835 Improving Model Representation of Interactions between Moisture and Tropical Convection

Tuesday, 14 January 2020
Hall B (Boston Convention and Exhibition Center)
Brandon O. Wolding, NOAA/ESRL, Boulder, CO; and J. Dias, G. Kiladis, F. Ahmed, E. Maloney, and M. Branson

Realistically representing the multi-scale interactions between moisture and convection remains an ongoing challenge for weather prediction and climate models. In this study, we examine how such interactions evolve throughout the convective lifecycle, and as a function of spatiotemporal scale, by examining the relationship between precipitation and column saturation fraction (CSF). The convective to stratiform precipitation ratio is predominantly a function of CSF, not precipitation rate, suggesting that parameterizations of convective organization should maintain a strong relationship with CSF. Several models, all implementing versions of the Zhang-McFarlane deep convective parameterization, exhibit excessive drying of the large-scale environment in their representation of the transition from shallow to deep convection. The convective adjustment timescale (i.e. the timescale by which precipitation relaxes moisture towards its ``background'' state) lengthens with increasing spatiotemporal scale, allowing moisture anomalies of larger scale to persist longer than those of smaller scale. Models with conventional convective parameterizations struggle to reproduce this spatiotemporal scale dependence, likely as a result of insufficient CSF variance. Potential implications for equatorial wave dynamics are discussed.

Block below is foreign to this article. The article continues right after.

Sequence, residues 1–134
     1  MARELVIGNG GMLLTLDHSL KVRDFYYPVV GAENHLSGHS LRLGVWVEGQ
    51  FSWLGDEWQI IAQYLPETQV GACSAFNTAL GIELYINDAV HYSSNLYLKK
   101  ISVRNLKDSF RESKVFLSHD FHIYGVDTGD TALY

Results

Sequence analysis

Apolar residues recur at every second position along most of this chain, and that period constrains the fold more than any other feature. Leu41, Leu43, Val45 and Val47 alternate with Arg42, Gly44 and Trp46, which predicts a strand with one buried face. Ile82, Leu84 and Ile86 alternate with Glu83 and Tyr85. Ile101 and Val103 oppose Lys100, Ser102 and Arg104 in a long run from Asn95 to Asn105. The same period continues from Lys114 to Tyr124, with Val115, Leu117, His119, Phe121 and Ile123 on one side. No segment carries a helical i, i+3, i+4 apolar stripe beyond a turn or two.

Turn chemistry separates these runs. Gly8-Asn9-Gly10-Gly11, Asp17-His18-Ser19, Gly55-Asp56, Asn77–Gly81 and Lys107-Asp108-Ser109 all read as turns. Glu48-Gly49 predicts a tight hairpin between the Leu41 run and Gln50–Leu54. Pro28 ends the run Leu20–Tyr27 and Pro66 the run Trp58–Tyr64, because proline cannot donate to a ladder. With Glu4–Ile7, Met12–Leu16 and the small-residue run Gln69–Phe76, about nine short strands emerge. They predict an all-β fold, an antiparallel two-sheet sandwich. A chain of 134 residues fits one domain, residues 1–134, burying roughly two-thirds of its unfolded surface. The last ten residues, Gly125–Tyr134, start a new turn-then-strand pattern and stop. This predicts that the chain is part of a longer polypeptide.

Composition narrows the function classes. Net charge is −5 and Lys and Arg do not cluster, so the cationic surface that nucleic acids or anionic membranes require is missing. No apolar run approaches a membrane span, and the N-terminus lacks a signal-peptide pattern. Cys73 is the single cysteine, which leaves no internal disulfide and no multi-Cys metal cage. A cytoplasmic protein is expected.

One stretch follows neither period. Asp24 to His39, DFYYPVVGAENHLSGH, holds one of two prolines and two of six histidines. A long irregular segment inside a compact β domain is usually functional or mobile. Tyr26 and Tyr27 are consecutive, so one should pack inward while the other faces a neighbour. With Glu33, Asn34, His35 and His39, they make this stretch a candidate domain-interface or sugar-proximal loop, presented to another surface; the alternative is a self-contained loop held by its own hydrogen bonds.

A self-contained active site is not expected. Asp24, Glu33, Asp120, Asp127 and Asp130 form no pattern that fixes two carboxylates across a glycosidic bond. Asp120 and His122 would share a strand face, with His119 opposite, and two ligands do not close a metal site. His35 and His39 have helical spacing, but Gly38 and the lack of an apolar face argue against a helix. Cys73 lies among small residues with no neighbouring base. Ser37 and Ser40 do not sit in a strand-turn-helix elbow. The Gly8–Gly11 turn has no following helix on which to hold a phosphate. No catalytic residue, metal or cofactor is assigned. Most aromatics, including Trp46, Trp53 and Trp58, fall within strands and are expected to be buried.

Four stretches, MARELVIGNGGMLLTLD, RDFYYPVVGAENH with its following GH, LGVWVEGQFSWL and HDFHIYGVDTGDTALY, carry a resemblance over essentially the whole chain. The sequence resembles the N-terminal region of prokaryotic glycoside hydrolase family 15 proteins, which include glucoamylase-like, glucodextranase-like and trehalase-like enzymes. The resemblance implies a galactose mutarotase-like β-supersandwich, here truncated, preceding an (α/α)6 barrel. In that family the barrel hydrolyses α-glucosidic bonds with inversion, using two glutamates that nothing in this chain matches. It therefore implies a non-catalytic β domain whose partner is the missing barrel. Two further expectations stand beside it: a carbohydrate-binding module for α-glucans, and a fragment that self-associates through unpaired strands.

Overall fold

A roughly exponential increase in precipitation occurs as CSF increases above a ``critical point'', which acts as an attractor in CSF-precipitation phase space (Peters and Neelin, 2006). For a wide variety of starting conditions, the system tends to evolve towards this moist, moderately precipitating state. Each perturbation of the system away from the attractor state, presumably driven by processes such as surface forcing or equatorial wave dynamics, causes it to evolve in a cyclical fashion around the attractor. This cyclic evolution is characterized by large-scale moistening as the convective ensemble transitions from shallow, to deep, to stratiform convection, followed by large-scale drying in a non-precipitating or lightly precipitating regime. This behavior exhibits properties consistent with self-organized criticality and characteristics of self-similarity, suggesting that shortcomings in model representation of the joint evolution of convection and large-scale moisture will negatively impact a broad range of spatiotemporal scales.

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